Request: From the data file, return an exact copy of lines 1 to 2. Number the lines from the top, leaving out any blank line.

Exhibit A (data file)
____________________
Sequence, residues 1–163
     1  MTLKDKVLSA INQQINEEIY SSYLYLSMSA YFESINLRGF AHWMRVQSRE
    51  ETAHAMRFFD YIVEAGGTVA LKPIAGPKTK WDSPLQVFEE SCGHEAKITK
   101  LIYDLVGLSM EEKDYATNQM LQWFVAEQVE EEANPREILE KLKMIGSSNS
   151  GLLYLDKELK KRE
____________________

Sequence, residues 1–163
     1  MTLKDKVLSA INQQINEEIY SSYLYLSMSA YFESINLRGF AHWMRVQSRE